Washington, DC – Feb 10 & 11, 2016
To improve our theoretical understanding of the different ways that the broader impacts of science can be evaluated…
Source: Workshop 2016
Ecce Homo Academicus
A really interesting conference is going on now in Prague. I’m following along from afar via Titter, using #FastUni.
What struck me as we prepared for our final presentations was that these narratives of scarcity don’t just limit us in the world of publication. I am lucky enough to have been to quite a few meetings where great people are sequestered together to think and discuss. These meetings always generate new ideas, exciting projects and life changing insights that somehow dissolve away as we return to our regular lives. The abundance of these focussed meetings, abundance of time, abundance of expertise, abundance of the attention of smart people gives way to the scarcity of our day to day existence. The development of these new ideas falters as it has to compete with scarce time of individuals. When time can be found it is asynchronous, and patchy. We try to make time but we never seem to be able to find the right kind of time.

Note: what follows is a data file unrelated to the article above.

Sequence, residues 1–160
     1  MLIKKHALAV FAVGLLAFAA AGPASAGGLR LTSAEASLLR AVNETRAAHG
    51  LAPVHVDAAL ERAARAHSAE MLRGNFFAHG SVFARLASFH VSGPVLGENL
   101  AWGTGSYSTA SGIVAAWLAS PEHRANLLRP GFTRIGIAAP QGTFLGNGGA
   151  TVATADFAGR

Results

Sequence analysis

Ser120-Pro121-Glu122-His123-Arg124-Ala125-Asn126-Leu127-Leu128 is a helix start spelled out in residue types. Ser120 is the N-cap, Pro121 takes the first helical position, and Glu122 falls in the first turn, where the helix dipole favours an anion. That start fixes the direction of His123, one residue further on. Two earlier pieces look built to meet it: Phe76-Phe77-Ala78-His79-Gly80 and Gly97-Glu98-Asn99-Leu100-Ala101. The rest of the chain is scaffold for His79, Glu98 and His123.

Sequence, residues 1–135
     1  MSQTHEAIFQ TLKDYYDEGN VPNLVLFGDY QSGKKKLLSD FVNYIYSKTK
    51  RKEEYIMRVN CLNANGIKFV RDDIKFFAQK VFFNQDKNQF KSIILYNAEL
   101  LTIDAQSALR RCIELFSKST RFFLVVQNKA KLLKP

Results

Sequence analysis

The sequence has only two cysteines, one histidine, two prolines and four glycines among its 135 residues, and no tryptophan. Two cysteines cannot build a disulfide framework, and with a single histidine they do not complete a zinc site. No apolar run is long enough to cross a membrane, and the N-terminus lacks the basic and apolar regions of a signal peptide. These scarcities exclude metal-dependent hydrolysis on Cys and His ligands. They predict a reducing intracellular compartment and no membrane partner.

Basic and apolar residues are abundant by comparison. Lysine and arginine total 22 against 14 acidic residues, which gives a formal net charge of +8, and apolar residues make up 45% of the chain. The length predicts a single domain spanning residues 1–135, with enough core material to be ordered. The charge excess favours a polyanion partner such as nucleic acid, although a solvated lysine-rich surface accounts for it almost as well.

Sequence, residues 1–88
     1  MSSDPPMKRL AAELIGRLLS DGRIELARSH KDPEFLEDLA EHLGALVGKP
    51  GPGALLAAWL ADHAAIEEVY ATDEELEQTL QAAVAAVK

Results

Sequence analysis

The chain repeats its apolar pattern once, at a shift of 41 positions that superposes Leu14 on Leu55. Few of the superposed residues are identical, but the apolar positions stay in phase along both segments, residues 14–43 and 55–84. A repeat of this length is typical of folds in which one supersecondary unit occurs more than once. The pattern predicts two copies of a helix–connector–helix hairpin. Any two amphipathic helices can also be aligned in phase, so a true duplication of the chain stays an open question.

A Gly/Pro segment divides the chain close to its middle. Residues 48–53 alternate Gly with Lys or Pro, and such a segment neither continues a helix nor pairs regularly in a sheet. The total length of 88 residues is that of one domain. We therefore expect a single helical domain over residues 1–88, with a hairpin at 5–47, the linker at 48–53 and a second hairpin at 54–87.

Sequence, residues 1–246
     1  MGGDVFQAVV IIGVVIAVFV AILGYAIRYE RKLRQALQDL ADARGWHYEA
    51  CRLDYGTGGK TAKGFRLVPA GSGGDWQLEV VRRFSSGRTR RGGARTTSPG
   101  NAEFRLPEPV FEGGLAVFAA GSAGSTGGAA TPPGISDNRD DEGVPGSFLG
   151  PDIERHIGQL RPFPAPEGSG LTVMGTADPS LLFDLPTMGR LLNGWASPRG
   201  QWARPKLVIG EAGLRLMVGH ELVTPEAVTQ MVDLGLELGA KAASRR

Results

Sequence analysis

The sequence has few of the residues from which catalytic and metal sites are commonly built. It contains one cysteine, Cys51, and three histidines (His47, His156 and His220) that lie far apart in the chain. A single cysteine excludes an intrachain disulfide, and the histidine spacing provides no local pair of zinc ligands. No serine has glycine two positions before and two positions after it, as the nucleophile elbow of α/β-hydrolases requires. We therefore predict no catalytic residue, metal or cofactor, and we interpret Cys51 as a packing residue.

This three-day conference investigates the techniques of auditing and their attendant practices and effects and will also probe into scholars’ complicity in reproduction of such practices. It will consider processes of social acceleration within the academy and their implications for the management of everyday activity by those working within it.
register for the accelerated academy
This is where I am right now. Really interesting time so far. I knew 3 people in real life, and several more (mostly via Twitter) before I arrived. Lots of smart folks here.
You can follow what we’re doing on Twitter using #Trianglesci.
From the blog of fellow philosopher Keith Wayne Brown:
…for the most part… philosophers aren’t deploying their firm grasp of Kierkegaard in their private-sector work. Rather, it’s the skills that philosophers are trained in—critical thinking, clear writing, quick learning—that translate well to life outside of academia. As Zachary Ernst, a software engineer at Narrative Science, puts it, “As a professional philosopher, if you haven’t gotten over-specialized and narrow, then you’ve got really good analytic and communication skills. So you’ve got the ability to learn quickly and efficiently. You’re also in the habit of being very critical of all sorts of ideas and approaches to a variety of problems. And if you’ve taught a lot, then you’re probably pretty comfortable with public speaking. Those skills are very rare in almost any workforce, and they’re extremely valuable.”